thanks for the tip. thanks to johnnygri and lowland for the words and good link. I listened to the mix and it was interesting. Slightly analog sound, but in a lot of ways you could tell me it was tracked to pro tools and I'd believe it. For an old machine (how old?) you would really hope for a more "classic" sound.......it's sort of like playing a '60s Gibson Les Paul. A wonderful experience ordinarily, but if the pickups were replaced with active EMGs and you're using a Line 6 spider amp......well a lot of the class associated with a '60s Les Paul sound will go out the window....

Overall nice capturing of sound, and I think tape effects are completely rad, but I might make a suggestion. Do a better mix of the drums through the headphones. It's not just my taste - practically every recording made in the '70s has a sensitive sounding snare and a solid bass drum. your snare is distant and less sensitive sounding and the bass drum hasn't enough bass. In the headphone mix prior to hitting record push that sucker up. I compress my bass drum to the tape. I use a 1977 Ashly SC50 going into the machine with reasonable results! I think the bass drum can live with a slight bass roll-off before going to tape but better to just track it flat.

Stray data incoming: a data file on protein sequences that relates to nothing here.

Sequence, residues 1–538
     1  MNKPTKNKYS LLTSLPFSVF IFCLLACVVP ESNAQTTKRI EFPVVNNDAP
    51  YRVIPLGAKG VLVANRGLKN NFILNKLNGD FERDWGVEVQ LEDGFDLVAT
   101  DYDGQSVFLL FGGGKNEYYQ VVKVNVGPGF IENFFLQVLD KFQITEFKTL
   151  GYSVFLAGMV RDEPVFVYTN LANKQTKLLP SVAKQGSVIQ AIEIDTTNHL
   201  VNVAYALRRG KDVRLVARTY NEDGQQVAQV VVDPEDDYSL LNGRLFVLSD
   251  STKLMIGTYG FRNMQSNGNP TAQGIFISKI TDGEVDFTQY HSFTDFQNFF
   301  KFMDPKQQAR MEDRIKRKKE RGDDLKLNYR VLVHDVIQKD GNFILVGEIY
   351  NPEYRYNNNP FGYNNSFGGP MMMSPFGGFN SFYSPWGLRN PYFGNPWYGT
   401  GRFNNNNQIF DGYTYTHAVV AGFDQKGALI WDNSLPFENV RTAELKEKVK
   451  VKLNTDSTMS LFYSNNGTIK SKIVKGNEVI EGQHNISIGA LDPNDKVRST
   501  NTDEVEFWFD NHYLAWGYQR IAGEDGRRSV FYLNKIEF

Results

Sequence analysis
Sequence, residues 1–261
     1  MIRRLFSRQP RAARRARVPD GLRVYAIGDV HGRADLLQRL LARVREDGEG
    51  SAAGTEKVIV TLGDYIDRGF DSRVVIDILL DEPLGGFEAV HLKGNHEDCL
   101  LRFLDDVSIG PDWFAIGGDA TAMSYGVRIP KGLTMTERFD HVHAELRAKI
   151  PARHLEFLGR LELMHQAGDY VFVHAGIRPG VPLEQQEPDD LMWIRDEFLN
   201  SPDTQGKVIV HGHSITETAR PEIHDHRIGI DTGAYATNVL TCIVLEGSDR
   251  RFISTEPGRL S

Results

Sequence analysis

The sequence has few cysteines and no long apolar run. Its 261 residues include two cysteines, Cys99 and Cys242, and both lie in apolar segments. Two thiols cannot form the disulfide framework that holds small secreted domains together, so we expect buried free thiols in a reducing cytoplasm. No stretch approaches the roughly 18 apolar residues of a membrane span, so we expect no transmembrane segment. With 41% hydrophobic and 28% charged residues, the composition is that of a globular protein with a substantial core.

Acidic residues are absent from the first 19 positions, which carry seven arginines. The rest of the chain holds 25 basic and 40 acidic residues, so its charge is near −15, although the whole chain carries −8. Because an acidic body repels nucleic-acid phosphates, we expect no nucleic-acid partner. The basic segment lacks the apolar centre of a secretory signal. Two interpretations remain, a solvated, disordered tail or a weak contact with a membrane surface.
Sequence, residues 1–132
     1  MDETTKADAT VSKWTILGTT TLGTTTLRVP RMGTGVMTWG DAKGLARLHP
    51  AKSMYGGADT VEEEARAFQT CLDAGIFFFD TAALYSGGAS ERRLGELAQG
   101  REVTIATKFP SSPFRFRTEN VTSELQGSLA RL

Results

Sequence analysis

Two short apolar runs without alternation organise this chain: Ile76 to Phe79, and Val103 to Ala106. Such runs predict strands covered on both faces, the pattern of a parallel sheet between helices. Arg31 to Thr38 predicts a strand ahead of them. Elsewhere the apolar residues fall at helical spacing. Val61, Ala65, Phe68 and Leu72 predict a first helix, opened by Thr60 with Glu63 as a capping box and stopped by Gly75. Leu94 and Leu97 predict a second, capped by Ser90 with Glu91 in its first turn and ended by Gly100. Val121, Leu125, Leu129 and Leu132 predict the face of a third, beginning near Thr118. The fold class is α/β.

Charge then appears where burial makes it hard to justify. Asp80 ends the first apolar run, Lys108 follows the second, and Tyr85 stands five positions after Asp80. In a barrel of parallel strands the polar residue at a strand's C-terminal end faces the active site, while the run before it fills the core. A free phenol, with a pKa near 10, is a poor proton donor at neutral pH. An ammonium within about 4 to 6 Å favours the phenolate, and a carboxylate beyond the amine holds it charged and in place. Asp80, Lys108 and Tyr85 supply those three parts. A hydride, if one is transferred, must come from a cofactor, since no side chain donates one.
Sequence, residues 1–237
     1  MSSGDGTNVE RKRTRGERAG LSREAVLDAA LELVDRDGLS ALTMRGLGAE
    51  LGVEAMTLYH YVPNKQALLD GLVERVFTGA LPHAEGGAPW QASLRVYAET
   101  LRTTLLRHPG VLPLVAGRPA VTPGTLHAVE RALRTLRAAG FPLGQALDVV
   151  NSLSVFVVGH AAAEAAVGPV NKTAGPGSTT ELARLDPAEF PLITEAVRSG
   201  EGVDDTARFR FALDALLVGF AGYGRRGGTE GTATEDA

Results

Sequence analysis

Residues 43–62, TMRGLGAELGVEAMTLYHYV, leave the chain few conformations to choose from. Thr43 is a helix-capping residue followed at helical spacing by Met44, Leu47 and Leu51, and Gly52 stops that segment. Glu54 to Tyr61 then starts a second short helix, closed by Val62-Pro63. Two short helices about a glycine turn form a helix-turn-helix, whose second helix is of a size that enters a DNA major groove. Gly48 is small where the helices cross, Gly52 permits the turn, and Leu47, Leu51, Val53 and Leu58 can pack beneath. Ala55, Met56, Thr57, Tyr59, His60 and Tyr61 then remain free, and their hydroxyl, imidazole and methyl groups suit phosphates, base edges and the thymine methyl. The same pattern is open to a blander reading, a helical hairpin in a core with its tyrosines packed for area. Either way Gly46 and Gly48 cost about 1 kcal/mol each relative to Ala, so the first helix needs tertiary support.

It's kind of a lot of work, but if no one is around and you can spend 30 mins on the bass drum it's all worth it. I made yet another drum recordng yesterday on this mastering machine the Pioneer 1050 with more sensitive results than the day before:

http://psychedelicsound.yolasite.com...rces/Drums.mp3

-'70s Tempro drums/'70s ludwig supra snare